- “Consider carefully what you hear,” he continued. “With the measure you use, it will be measured to you—and even more.” Mark 4:24
These statements should challenge our thinking and remind us that listening is a quality to be developed and pursued. The old adage that we have one mouth and two ears should not be ignored in the way we interact with one another. I would conjecture that the verses mentioned have a familiar ring to them and that we would all agree with the truth being presented.
What then makes listening so challenging? What are barriers to listening well?
Barriers To Effective Listening
Effective listening is hard work. Our minds generate words at least five times faster than we can verbalize them. The brain’s speed and efficiency can negatively impact our ability to listen well. It’s important to slow our brain so that we can listen effectively. To do that requires energy and focus. Barriers to effective listening tend to fall into three categories: Focus, Feeling and Fellowship.
Focus barriers fall into two overarching principles of patience and jumping to conclusions. Cultivating an understanding heart requires patience. But patience in listening can be challenged by preconceived ideas of the other person, a busy schedule, or even the belief that we know what’s best for the person. All these thoughts can crowd out effective listening. Closely related to impatience is the desire to jump to conclusions. Assuming we know what’s best for the person and believing we have insights into their concerns, can cause us to stop listening and share our thoughts before having heard the whole story.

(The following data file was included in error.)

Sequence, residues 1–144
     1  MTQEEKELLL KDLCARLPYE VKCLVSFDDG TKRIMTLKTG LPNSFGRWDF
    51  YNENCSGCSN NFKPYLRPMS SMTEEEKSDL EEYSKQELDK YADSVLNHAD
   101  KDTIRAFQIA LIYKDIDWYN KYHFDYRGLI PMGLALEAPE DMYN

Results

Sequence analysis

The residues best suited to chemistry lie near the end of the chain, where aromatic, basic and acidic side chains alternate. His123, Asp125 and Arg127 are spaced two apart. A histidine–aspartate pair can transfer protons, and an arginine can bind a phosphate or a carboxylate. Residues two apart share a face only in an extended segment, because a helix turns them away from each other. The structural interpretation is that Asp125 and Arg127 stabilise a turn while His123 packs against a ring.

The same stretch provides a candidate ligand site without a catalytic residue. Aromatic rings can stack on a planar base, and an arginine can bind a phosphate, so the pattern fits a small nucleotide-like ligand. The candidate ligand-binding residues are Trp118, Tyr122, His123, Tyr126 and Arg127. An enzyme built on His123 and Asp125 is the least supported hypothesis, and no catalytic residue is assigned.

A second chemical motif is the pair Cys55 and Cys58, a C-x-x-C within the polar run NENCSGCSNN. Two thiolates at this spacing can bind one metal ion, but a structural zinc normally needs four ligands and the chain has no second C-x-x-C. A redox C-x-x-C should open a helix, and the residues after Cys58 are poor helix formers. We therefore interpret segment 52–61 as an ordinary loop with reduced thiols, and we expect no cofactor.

Feelings barriers have a lot to do with our personal reactions to our own lives that are then transferred to others. “Squishy spots” and unresolved feelings are often rooted in our past experiences. As someone shares something that triggers a memory in our lives, we may find it difficult to continue listening to the person because we are now dealing with our personal feelings. Personal fears and inadequacies can prevent us from listening well. We may feel shame about a past event in our family or about the way we responded to challenging circumstances. Those feelings of shame, uncertainty or inadequacy can cause us to not listen well because we are afraid that we will say or do the wrong thing. Lack of feelings awareness is another barrier to effective communication. Again, difficult past experiences may have caused us to deny our feelings and therefore, make it challenging to listen to someone share their story.
Fellowship barriers fall into two categories: Over-identification or under-identification. As we listen to a person sharing, we may see ourselves in their story and desire to share our story. While it’s helpful to identify with the person’s story, over-identification can cause us to stop listening to them as we think about what we want to share about our story. Limited sharing of your story can be helpful, but too much personal sharing sends a message that you’ve stopped listening to the person. Under-identification happens when you simply can’t relate and are tempted to become dismissive of the person sharing.
There are so many other factors that impact our ability to listen; I’ve just touched on a few. My hope is that each one of us, in positions of leadership and influence, would model well what it means to listen and be present with people who are struggling, experiencing anxiety, displaying anger, and generally lacking certainty and hope. These upcoming months, where we are facing continued uncertainties and another election cycle, are opportunities for the church to bring hope and light by displaying attitudes that value and respect the people inside our churches and those on the outside looking in.
I think Stephen Covey got it right when he said in his 7 Habits book, “Seek first to understand before being understood.” May we be leaders who listen well. May our light shine brightly. May we love well. May we present the character of Christ. May people say of us, “they listened.”